Health Benefits of a Standing Desk

Posted by Michael Lipka on

Date: November 15, 2022

Are you working all day at your desk, hunched over your computer? The studies are clear: sitting all day at work can cause your body to experience:

  • Musculoskeletal problems
  • An increased risk of diabetes
  • Heart disease
  • And possibly even early death
  • Over the past decade the work environment has been going through a monumental shift toward standing desks, or stand-up desks.


    In this article I will cover the Health Benefits of a Standing Desk. The data to support this article comes from a variety of sources listed at the bottom of this article. As always, do your own research.

    Table of Contents

    Health Benefits of a Standing Desk

    There are many health benefits to be drawn from standing desks, but the most important are as follows:

    1. Standing Desks May Help Burn More Calories

    Studies have shown that using a standing desk for 3 hours per day can burn as much as 174 more calories than sitting down. That’s over 850 extra calories burned every week and over 40,000 calories per year!

    40,000 calories is equal to TWELVE POUNDS of body weight per year!

    Health Benefits of Standing at Desk

    2. Lower Blood Sugar Levels

    In the same study, it was found that standing for 3 hours after lunch reduced the after-meal blood sugar spike by 43% compared to groups who sat.


    Both groups—the "standers" and the "sitters":

        • Did the same amount of exercise
        • Ate the same foods
        • Did the same movement around the office.


    The study showed that prolonged sedentary time is linked to a 112% greater risk in Type 2 Diabetes.

    Diabetes Risk from Sitting too Much

    3. Lower Risk of Heart Disease

    Sitting is so harmful for your heart that an hour of intense exercise does not make up for an entire day of sitting in your office.

    18 studies of over 800,000 participants have confirmed that prolonged sedentary time has been calculated to increase the risk of heart disease by a whopping 147% compared to an active lifestyle.

    4. Reduced Risk of Cancer

    According to the American Cancer Society:

    “Sitting time research is still in its infancy, and we are trying to understand whether it’s the total amount that you sit or how frequently you break up those bouts of sitting that are related to disease risk.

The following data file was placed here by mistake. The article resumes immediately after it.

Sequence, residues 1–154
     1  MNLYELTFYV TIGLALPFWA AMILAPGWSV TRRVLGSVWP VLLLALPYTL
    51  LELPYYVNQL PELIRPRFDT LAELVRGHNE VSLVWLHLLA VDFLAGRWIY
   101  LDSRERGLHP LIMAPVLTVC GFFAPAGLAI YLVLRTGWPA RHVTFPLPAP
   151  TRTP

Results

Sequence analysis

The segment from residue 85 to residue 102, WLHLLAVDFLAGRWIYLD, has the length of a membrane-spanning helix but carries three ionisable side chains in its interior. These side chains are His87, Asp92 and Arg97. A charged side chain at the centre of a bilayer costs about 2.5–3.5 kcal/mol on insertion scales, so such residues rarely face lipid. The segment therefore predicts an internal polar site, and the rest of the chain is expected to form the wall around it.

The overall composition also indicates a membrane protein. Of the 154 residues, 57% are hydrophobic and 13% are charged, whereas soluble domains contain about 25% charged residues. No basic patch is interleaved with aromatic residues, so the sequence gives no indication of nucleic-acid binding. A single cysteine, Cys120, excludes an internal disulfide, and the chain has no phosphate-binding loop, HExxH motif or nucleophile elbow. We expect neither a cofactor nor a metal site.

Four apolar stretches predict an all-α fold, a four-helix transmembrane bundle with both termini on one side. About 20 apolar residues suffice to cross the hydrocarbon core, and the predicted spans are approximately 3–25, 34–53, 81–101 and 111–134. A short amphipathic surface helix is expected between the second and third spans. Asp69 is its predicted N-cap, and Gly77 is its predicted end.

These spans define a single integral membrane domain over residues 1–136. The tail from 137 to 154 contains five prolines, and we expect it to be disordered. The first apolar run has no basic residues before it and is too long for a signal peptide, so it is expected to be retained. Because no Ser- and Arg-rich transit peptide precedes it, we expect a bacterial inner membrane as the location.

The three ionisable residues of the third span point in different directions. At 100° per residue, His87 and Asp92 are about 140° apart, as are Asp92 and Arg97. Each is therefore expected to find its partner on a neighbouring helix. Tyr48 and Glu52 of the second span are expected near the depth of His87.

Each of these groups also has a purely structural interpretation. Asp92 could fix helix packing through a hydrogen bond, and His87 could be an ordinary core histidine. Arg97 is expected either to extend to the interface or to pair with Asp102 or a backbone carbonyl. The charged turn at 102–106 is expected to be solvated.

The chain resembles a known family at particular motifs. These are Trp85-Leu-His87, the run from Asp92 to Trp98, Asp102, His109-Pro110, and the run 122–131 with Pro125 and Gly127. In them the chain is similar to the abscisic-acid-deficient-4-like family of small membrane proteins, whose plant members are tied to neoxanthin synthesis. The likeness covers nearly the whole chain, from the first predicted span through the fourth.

While we continue to learn what is driving this relationship, it’s clear that cutting down on the time you spend sitting is good for your health.”

    5. Standing Desks May Be Good for Your Back

    Of course, there are musculoskeletal benefits as well from standing more. Back pain is one of the most common complaints of office workers, or even people who spend too much time on their couch at home.

    A recent study compared the impact of standing desks vs. sitting desks and found that breaking up workplace sitting time with intermittent standing bouts improves fatigue and musculoskeletal discomfort in overweight/obese office workers. In this study they found that lower back musculoskeletal discomfort was reduced by 32% when you stand every 30 min using an electric, height-adjustable workstation.

    Another study by the Center for Disease Control found that upper back and neck pain reduced by 54% after four weeks of standing.

    6. Increased Energy Levels

    In one seven-week study, those using standing desks reported 87% more vigor and energy during the day compared to those at sitting desks. There are related findings showing that sedentary time increased the risk of both depression and anxiety.

    7. Standing Desks May Increase Productivity

    In a study from 2016, it was found that call center workers were 50% more productive than their sitting counterparts. Users of standing desks were more productive on a daily basis compared to their seated counterparts and it was found that productivity of the desk riser users significantly increased over time, from ∼23% in the 1st month to ∼53% over the next 6 months. Finally, this productivity increase was similar for employees across both job categories.

    CONCLUSION - Health Benefits of a Standing Desk

    It’s hard to argue with the numbers and studies. Standing desks are a huge benefit to those who use them, so it’s no surprise that many workplaces are switching over to manual standing desks, electric standing desks, and full standing desks.


    Here's a list of references included in the article above:

    Buckley JP1, Mellor DD, Morris M, Joseph F. - Standing-based office work shows encouraging signs of attenuating post-prandial glycaemic excursion. Occup Environ Med. 2014 Feb;71(2):109-11

    Wilmot EG1, Edwardson CL, Achana FA, Davies MJ, Gorely T, Gray LJ, Khunti K, Yates T, Biddle SJ. - Sedentary time in adults and the association with diabetes, cardiovascular disease and death: systematic review and meta-analysis. Diabetologia. 2012 Nov;55(11):2895-905

    Eric J. Shiroma and I-Min Lee - Physical Activity and Cardiovascular Health; Lessons Learned From Epidemiological Studies Across Age, Gender, and Race/Ethnicity. Circulation. 2010;122:743–752

    Thorp AA1, Kingwell BA2, Owen N3, Dunstan DW4. - Breaking up workplace sitting time with intermittent standing bouts improves fatigue and musculoskeletal discomfort in overweight/obese office workers. Occup Environ Med. 2014 Nov;71(11):765-71

    Pronk NP1, Katz AS, Lowry M, Payfer JR. - Reducing occupational sitting time and improving worker health: the Take-a-Stand Project, 2011. Prev Chronic Dis. 2012;9:E154

    Husemann B1, Von Mach CY, Borsotto D, Zepf KI, Scharnbacher J. - Hum Factors. 2009 Jun;51(3):310-20.

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